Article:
Global Policy Forum

Two hundred Women Gang-Raped near UN Base

Rwandan and Congolese rebels gang-raped nearly 200 women in the Democratic Republic of Congo, within kilometers of a UN peacekeeper's base. No one was killed during the attack; rape was the weapon of choice. By the time NGOs were able to access the attacked town, it was too late to administer medication against HIV/AIDS. The Congolese government demanded the withdrawal of the UN Mission earlier this year, saying it has failed to fulfill its primary mandate of protecting civilians. The UN Mission has not protected civilians against rape, nor has it provided timely support when rape occurs. Furthermore, the UN took more than three weeks to issue a statement on the attack.

Mail & Guardian Online
August 24, 2010

Rwandan and Congolese rebels gang-raped nearly 200 women and some young boys over four days within kilometres of a UN peacekeepers' base in an eastern Democratic Republic of Congo mining district, an American aid worker and a Congolese doctor said on Monday.

Will Cragin of the International Medical Corps said aid workers knew rebels had occupied Luvungi town and surrounding villages in eastern DRC the day after the attack began on July 30. UN agencies sent SMSes saying the area was occupied, he said.

More than three weeks later, the UN mission has issued no statement about the atrocities and said Monday it still is investigating.

Cragin told the Associated Press by telephone that his organisation was only able to get into the town, which he said is about 16km from a UN military camp, after rebels ended their brutal spree of raping and looting and withdrew of their own accord on August 4.

There was no fighting and no deaths, he said, just "lots of pillaging and the systematic raping of women" by between 200 and 400 rebels.

Four young boys also were raped, said Dr Kasimbo Charles Kacha, the district medical chief.

"Many women said they were raped in their homes in front of their children and husbands," Cragin said. Others were dragged into the nearby forest.

He said that by the time they got help it was too late to administer medication against HIV/Aids and contraception to all but three of the survivors.

Many women said they were raped repeatedly by three to six attackers, Cragin said. International and local health workers have treated 179 women but the number raped could be much higher as terrified civilians are still hiding, he said.

"We keep going back and identifying more and more cases," he said. "Many of the women are returning from the forest naked, with no clothes."

Luvungi is a farming centre of about 2 200 people on the main road between Goma, the eastern provincial capital, and the major mining town of Walikale.

Kacha said on one day during the rebel occupation Indian peacekeepers had provided a military escort against the rebels to a large commercial truck traveling from Kebab to Luvungi, which is near a cassiterite mine and about 140km south of Goma.

UN mission spokesperson Madnodje Mounoubai promised to get military comment on the assumption that the peacekeepers were protecting commercial goods but not civilians, which is their primary mandate.

Rape as a weapon of war

Survivors said their attackers were from the Rwandan rebel FDLR group that includes perpetrators of the Rwandan genocide who fled across the border to the DRC in 1994 and have been terrorising the population in the eastern part of the country ever since, according to Cragin. The Rwandans were accompanied by Congolese Mai-Mai rebels, he said, quoting survivors.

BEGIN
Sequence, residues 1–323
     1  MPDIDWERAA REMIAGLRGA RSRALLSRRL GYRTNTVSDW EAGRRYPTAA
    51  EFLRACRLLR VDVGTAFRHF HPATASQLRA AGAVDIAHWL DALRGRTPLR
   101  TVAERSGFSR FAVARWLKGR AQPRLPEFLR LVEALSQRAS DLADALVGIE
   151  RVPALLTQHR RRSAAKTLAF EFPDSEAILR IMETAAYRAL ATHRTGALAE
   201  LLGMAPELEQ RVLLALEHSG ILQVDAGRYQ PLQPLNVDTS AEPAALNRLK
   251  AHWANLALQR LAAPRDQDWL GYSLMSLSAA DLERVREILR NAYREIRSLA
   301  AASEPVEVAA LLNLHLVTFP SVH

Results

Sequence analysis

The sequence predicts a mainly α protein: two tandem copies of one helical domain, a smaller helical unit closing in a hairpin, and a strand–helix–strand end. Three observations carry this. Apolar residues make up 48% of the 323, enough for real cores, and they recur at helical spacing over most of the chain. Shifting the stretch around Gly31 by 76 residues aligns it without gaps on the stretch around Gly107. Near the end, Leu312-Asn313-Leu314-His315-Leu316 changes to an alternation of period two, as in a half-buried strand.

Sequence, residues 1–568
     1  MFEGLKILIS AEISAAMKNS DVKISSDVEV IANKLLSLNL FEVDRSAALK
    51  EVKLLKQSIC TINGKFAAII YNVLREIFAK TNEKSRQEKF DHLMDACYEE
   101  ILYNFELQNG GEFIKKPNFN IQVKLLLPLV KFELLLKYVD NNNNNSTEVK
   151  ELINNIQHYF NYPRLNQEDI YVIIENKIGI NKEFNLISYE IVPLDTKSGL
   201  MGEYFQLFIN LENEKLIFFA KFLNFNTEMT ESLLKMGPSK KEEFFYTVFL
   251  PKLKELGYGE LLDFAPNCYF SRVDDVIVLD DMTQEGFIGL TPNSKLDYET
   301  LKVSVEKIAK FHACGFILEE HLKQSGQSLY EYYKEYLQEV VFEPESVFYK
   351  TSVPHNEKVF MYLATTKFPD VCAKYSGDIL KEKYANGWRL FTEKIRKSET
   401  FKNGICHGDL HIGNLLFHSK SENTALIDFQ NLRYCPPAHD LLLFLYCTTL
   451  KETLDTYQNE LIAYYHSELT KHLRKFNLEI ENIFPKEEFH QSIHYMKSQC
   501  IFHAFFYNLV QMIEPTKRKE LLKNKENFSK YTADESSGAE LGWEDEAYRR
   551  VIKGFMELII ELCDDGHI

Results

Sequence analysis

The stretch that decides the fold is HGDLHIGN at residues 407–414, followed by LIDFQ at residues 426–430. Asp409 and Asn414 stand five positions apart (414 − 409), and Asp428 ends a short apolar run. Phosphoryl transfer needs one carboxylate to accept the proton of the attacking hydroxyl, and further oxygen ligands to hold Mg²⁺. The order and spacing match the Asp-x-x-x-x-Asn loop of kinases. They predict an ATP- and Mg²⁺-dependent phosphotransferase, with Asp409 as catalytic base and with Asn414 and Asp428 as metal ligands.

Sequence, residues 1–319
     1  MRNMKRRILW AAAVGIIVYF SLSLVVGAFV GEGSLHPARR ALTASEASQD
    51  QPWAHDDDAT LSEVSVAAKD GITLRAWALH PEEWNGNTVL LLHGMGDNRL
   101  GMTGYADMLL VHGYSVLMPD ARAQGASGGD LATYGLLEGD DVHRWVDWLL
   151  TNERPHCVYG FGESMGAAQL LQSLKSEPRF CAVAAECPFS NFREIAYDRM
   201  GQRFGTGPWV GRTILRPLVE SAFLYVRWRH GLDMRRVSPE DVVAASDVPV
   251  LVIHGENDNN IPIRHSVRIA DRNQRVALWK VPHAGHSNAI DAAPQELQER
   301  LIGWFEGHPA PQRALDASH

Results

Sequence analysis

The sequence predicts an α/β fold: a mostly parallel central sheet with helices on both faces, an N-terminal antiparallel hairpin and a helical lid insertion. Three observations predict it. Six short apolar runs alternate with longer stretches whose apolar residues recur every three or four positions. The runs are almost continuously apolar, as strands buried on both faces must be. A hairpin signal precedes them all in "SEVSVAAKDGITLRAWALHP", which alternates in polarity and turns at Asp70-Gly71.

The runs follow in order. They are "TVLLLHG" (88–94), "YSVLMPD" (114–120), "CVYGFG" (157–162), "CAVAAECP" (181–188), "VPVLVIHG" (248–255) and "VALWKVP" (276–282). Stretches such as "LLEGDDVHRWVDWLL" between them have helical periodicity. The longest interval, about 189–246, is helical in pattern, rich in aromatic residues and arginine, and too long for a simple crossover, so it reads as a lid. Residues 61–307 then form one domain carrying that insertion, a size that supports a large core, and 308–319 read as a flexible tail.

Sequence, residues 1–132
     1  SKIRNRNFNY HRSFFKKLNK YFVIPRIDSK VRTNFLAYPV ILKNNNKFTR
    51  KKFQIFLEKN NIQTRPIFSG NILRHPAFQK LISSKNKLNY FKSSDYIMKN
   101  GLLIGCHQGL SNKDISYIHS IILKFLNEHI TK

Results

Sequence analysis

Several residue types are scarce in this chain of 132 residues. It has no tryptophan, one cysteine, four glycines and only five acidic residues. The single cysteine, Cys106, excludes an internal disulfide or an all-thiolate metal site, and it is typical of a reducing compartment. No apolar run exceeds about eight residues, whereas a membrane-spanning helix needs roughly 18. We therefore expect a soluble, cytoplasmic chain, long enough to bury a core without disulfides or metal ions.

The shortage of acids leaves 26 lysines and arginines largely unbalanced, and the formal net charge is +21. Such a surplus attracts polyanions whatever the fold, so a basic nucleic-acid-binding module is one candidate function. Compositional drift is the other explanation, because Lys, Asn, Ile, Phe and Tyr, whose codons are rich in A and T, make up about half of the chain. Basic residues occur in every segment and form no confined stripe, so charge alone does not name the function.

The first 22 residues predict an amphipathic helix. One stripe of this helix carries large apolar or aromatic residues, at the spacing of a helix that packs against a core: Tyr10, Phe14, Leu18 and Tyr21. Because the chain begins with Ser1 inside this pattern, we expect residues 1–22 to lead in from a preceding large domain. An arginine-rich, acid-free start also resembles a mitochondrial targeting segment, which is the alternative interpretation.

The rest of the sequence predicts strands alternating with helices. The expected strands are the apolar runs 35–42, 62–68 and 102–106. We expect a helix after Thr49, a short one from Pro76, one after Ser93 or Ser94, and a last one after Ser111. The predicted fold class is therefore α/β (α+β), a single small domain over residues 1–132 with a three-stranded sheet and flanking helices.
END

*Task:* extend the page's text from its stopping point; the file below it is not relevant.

Rape as a weapon of war has become shockingly commononplace in eastern DRC, where at least 8 300 rapes were reported last year, according to the United Nations. It is believed that many more rapes go unreported.

The DRC's army and UN peacekeepers have been unable to defeat the many rebel groups responsible for the long drawn-out conflict in eastern DRC, which is fuelled by the area's massive mineral reserves. Gold, cassiterite and coltan are some of the minerals mined in the area near Luvungi, with soldiers and rebels competing for control of lucrative mines that give them little incentive to end the fighting.

The Congolese government this year has demanded the withdrawal of the $1,35-billion-a-year UN mission, the largest peacekeeping force in the world with more than 20 000 soldiers, saying it has failed in its primary mandate to protect civilians.

Mission officials have said that the peacekeeping army is too small to police this sprawling nation the size of Western Europe, and that its peacekeepers are handicapped by rebels using civilians as shields and operating in rugged forests and mountains where they are difficult to pursue.

The mission also has a difficult mandate of supporting the Congolese army, whose troops often also are accused of raping and pillaging.





FAIR USE NOTICE: This page contains copyrighted material the use of which has not been specifically authorized by the copyright owner. Global Policy Forum distributes this material without profit to those who have expressed a prior interest in receiving the included information for research and educational purposes. We believe this constitutes a fair use of any such copyrighted material as provided for in 17 U.S.C § 107. If you wish to use copyrighted material from this site for purposes of your own that go beyond fair use, you must obtain permission from the copyright owner.